New York diary


I do not know what it is like to live there, but as a visitor, no matter how many times I’ve been to the city before, New York does not fail to impress. Like Venice, Paris, or Mumbai, its character assails you the moment you step into the city. Arriving by train into the New York Penn station, the same passengers who were relaxed and laid back when they boarded the train in the suburbs spring into motion, like toys with wound up keys, and march with an infectious purpose through the station into the maze-like streets of Manhattan. The press of humanity that begins here continues unabated, in the subway, the cafes, the museums, and you always know you are in New York because its signature, the dense racial mix, is hard to miss. Mexicans, Indians, Chinese, Africans, Europeans, Americans: all in one subway car, like a grand social experiment designed to observe inter-racial behaviour in a confined setting. The experiment is not a success: nothing much happens, each individual is self-absorbed: immersed in a book, listening to music, or simply lost in thought; communication, when it occurs, is not between members in the car but with someone far away, reached through a mobile phone.

The mobile devices I spotted on the subway were all iPhones. A young woman stood beside me checking her iCalender, switching between a few dates; 14th: Finish Chapter 9, Long NC; 15th: Take your pills!; 18th: Dinner with Mq & Tj. Later, in a cafe, the dozen or so tables were occupied by men and women peering into a screen in front; all those laptops bore the Apple logo, and a bluish tinge in the eyes of many suggested a Facebook page. A master-slave relationship was evident; humans seemed to have surrendered, unconsciously, to machines.

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8 thoughts on “New York diary

  1. I think that in a busy, dynamic place like New York sometimes “the surrender to machines” represents an opportunity for escapism – I know that is part of the reason why my Kindle is always with me on public transport!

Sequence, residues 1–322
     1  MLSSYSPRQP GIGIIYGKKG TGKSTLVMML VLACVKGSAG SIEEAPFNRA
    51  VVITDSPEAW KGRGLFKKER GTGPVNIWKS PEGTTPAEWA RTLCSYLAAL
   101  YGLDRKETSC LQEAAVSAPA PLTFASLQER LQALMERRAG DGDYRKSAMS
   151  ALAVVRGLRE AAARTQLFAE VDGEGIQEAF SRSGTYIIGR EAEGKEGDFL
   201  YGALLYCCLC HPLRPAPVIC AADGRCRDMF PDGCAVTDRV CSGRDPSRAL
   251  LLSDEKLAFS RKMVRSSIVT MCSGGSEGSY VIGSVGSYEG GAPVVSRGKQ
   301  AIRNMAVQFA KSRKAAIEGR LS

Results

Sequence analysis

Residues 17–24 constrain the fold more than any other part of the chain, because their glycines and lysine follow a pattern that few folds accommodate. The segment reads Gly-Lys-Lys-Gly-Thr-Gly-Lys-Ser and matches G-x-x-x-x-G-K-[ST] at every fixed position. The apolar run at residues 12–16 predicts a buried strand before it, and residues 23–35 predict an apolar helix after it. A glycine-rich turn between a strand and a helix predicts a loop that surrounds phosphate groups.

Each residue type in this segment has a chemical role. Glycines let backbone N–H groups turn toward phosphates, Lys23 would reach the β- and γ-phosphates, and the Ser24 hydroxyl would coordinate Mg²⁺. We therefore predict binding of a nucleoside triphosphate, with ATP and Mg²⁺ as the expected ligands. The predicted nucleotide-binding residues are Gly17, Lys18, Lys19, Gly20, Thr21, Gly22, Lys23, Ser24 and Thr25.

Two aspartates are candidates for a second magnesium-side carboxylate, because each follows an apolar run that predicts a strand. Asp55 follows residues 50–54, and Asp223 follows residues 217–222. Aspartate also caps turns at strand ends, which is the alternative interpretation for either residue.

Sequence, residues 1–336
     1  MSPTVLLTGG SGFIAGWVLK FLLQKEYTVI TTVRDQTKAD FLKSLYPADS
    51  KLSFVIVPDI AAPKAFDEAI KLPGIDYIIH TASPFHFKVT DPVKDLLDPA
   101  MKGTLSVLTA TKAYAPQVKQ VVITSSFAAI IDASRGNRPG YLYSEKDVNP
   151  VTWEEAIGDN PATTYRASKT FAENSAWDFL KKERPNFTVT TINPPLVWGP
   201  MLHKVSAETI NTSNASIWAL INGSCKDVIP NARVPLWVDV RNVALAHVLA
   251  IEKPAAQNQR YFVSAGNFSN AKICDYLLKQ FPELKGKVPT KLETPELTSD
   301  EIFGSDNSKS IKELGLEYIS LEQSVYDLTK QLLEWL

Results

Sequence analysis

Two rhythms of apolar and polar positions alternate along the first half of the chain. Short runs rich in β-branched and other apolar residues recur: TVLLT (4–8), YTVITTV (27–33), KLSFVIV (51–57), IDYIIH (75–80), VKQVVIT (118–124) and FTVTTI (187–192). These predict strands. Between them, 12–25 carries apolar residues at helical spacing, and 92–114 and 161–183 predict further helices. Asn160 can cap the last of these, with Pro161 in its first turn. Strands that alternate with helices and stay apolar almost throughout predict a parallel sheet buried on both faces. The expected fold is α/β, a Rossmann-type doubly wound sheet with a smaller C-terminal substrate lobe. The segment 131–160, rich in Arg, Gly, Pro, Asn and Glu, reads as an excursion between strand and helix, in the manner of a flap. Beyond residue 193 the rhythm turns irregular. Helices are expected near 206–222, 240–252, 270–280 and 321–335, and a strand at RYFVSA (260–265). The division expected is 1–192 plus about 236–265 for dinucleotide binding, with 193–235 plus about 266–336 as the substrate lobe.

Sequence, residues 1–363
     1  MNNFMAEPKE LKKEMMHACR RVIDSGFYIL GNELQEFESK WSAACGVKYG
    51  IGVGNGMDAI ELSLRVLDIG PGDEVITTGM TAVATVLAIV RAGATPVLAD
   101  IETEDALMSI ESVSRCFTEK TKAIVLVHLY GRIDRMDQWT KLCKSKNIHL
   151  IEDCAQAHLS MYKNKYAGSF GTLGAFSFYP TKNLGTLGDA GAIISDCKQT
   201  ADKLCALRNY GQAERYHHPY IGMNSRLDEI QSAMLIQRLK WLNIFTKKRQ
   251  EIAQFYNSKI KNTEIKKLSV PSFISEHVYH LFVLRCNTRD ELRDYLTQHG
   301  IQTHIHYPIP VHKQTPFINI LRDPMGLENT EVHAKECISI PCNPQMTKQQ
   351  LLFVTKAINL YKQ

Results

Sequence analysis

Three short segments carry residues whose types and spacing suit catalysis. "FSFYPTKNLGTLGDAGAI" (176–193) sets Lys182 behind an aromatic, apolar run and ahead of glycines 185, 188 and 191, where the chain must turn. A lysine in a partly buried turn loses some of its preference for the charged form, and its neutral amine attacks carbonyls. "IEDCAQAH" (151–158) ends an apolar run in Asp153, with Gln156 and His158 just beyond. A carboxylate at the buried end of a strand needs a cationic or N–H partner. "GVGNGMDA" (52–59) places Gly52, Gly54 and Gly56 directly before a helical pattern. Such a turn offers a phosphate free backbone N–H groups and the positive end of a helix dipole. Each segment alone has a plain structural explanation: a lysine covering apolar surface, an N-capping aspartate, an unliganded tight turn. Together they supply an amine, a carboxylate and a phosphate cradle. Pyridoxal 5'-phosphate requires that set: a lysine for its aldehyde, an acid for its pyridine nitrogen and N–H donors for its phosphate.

2. “It was obscene. The world has too many books, too many published writers. We should stop publishing books for five years. Give the readers some time to catch up!”

    This is EXACTLY how I feel! I have roughly 100 unread books at home and I’ve just ordered 11 more and there are six others I want and I just feel breathless and STRESSED.

  3. This is so true. Writers, editors, publishers – all trying to sell sell sell! The best of books are lost in the midst of hundreds of average skill. One has to sift through heaps to find quality and all this arbit junk is just putting the overall intelligence of humankind down.

  4. You probably can’t know what a pleasure it is to look at this (to me most) extraordinary city through your eyes and head, especially since I know you’ve done the same through mine. It is overwhelming, sometimes, and frightening in its excess and instances of human isolation, self-imposed and not. I’m especially struck by your observations about Apple and the masters and slaves; by the photograph of the homeless man in that particular subway; by the $4.95 price of looking smart in the subway, reading Eliot: this week’s special, no doubt. And by the quiet I felt when you were in the museum, in contrast to the rest of this fine essay.

    In Montreal we too have our underground city – we even call it that – our “twin” to the city above, but it’s filled with shops and restaurants and brightly lit: just another mall that gives onto the clean, bright subway and its singing trains on rubber wheels. When I’m in New York I always think that subway is somehow more honest, as a dark reflection of the wealth and glitter above.

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